Review: Sprint's Samsung Instinct | Page 2

Many, though not all of the Instinct's functions can be invoked by swiping a finger, a motion that's easy for the device to interpret.)

Because the display uses resistive rather than capacitive technology to detect input, you can use gloves or a stylus instead of bare skin to activate it. Interestingly, the Instinct comes with a stylus, but there's nowhere on the phone to stow it so we think it will be left unused by most.

The Instinct uses a simple grid menu with large buttons that's divided into three tabs, Main, Fun, and Web, plus a fourth Favs category that you can put your own preferred applications into. Overall the UI is intuitive enough that unlike many smartphones, you won't need to spend much time with your nose in a manual to get the gist of how things work.

Voice & Data
When it comes to call quality, the Instinct left us slightly disappointed. There was often a muddy, hollow quality to the audio on incoming calls-including when using the speakerphone-- and several callers remarked that things sounded "tinny" on their end.

Like the iPhone, the Instinct's voice mail is a quantum leap ahead of the typical phone. You can browse your list of messages via the on-screen menu, listen to them in any order you want, and easily do callbacks or save numbers to your contact list.

As an Internet access device, the Instinct is a bit of a mixed bag.

The Instinct's browser makes scrolling Web pages pretty easy, but the content window is small relative to the screen (though you can reclaim a bit of space by hiding one toolbar). The browser supports full HTML (but not Flash) so it can display many Web pages more or less like they would on a regular monitor, and a button lets you access the mobile version pages for better performance. We used that feature more than we expected, because even with an EV-DO connection the browser performance tended to be clunky and we spent a lot of time waiting for pages to fully load (here's where Wi-Fi would come in handy).

The Instinct lacks support for instant messaging, but you can use it to access e-mail accounts from all the major Web-based providers (AOL, Gmail, Hotmail, and Yahoo)-all you do is enter your account info, and you're up and running within a moment or two.

How you accessing a work e-mail account depends on what kind of mail server it is; if it's Microsoft Exchange with Outlook Web Access enabled, you can access it directly with Instinct. Otherwise, you'll need to get to it indirectly by downloading Sprint's Mobile E-mail Desktop Connector onto your PC, which requires it be left running.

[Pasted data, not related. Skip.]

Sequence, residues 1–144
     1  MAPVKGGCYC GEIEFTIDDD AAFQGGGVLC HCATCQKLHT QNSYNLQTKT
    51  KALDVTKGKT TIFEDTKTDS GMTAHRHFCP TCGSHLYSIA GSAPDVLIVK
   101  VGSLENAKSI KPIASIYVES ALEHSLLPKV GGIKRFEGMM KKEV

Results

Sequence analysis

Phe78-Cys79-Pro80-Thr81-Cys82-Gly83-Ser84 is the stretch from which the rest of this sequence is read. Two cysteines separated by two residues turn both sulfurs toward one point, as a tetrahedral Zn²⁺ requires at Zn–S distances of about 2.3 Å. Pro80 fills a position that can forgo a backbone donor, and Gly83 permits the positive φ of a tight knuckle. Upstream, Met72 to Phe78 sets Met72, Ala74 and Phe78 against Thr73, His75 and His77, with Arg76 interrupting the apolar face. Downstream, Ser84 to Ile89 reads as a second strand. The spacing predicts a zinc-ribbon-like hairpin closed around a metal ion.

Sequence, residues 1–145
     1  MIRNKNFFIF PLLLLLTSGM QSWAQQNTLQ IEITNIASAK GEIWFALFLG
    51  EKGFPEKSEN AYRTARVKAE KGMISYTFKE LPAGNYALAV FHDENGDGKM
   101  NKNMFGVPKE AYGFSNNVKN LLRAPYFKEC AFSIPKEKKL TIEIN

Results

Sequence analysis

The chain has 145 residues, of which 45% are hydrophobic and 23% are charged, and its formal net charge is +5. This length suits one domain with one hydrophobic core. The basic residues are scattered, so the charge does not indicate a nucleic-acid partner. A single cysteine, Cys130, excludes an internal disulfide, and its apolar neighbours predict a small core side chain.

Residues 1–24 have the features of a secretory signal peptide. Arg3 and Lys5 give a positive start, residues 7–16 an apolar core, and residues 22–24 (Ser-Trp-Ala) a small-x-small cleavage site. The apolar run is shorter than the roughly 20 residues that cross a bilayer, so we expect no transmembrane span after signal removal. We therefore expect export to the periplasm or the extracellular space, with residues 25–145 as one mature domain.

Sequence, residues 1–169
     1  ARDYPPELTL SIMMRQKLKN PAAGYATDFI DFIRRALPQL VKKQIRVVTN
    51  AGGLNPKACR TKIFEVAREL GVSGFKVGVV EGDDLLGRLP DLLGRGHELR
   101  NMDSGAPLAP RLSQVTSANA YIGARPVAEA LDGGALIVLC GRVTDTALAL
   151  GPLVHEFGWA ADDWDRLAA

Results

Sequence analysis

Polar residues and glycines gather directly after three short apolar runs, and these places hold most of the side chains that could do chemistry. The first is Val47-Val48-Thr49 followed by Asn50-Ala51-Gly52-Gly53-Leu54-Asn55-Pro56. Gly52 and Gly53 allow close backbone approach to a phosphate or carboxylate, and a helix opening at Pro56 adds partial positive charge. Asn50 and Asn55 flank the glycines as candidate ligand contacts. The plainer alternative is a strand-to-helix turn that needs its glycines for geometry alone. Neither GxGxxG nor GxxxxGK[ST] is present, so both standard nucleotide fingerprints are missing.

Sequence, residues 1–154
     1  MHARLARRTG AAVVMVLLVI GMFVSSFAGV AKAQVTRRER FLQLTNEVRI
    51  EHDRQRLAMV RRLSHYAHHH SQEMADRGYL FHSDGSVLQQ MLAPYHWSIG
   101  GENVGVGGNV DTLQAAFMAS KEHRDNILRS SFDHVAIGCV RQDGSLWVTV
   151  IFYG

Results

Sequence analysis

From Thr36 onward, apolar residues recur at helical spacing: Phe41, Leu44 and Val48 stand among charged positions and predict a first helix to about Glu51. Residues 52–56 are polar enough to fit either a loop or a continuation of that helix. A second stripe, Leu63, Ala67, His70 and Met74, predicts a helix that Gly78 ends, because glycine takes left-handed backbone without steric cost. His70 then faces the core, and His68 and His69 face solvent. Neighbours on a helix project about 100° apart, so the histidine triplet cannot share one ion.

The Instinct also has an integrated GPS receiver that enables you to use the device for voice-guided turn-by-turn directions. The Instinct works very well as a GPS device-better than most smartphones, we think-- due mainly to the relatively spacious touch screen which makes it easy to view and interact with the display.

Camera & Multimedia
The Instinct's got a 2 megapixel camera and includes a self-portrait mirror, but there's no flash. The camera took decent-looking photos, but it doesn't offer any configurable options, nor can you choose photo size, apply effects, or edit your shots afterward. On the other hand, the camera pops up an on-screen warning if you're about to take a fuzzy photo.

You can also record video with the Instinct (something you can't do on the iPhone). A configurable length setting will cap your videos at 2 minutes in length (around 6MB in size) so they can be sent over the air. Otherwise, you can shoot videos as long as available storage will allow.

Reviewing the photos and videos you've taken on the Instinct is easy via a thumbnail page from which you can send via e-mail, upload to the Web, or beam via Bluetooth. There's also a filmstrip viewing mode that lets you scroll through all your shots by swiping your finger, but because the Instinct's display doesn't support multi-touch a la iPhone, you can't use a "pinching" motion to change the orientation of a photo.

The Instinct is no iPod, but it does have a music player capable of MP3, AAC, and WMA audio formats, among others. The Instinct supports the stereo Bluetooth profile and uses a standard 3.5mm audio jack so you can use the listening device of your choice (a wired stereo earbud set with inline mic is bundled). You can buy tracks for 99 cents each, or same yourself some time (but not any money) with 6-song bundles a $5.94.

As with some other Sprint phones, you can access a few dozen channels of video in various genres (news, sports, weather, entertainment, etc.) through the Instinct, along with a handful of love network TV. The quality is usually acceptable but often degrades to barely watchable with pauses and compression distortion.

With the bundled Sprint Media Manager PC utility, you can transfer your own audio, video, and photos to the Instinct. Putting an Instinct in your pocket (it comes with a slim carrying case that omits a belt clip) won't take an outsized chunk of your cash. The phone costs a fairly reasonable $129.99, reflecting a $100 mail-in rebate and the obligatory two-year agreement, and service plans are $69.99 and $89.99 for 450 or 900 voice minutes respectively or $99.99 for unlimited voice minutes (and all plans include unlimited data).

The Instinct isn't the technological tour de force it would have been if the iPhone didn't exist, and it has its share of weaknesses and missing features. On balance, however, we think the pros outweigh the cons, and it's still a well-designed and powerful communications device.

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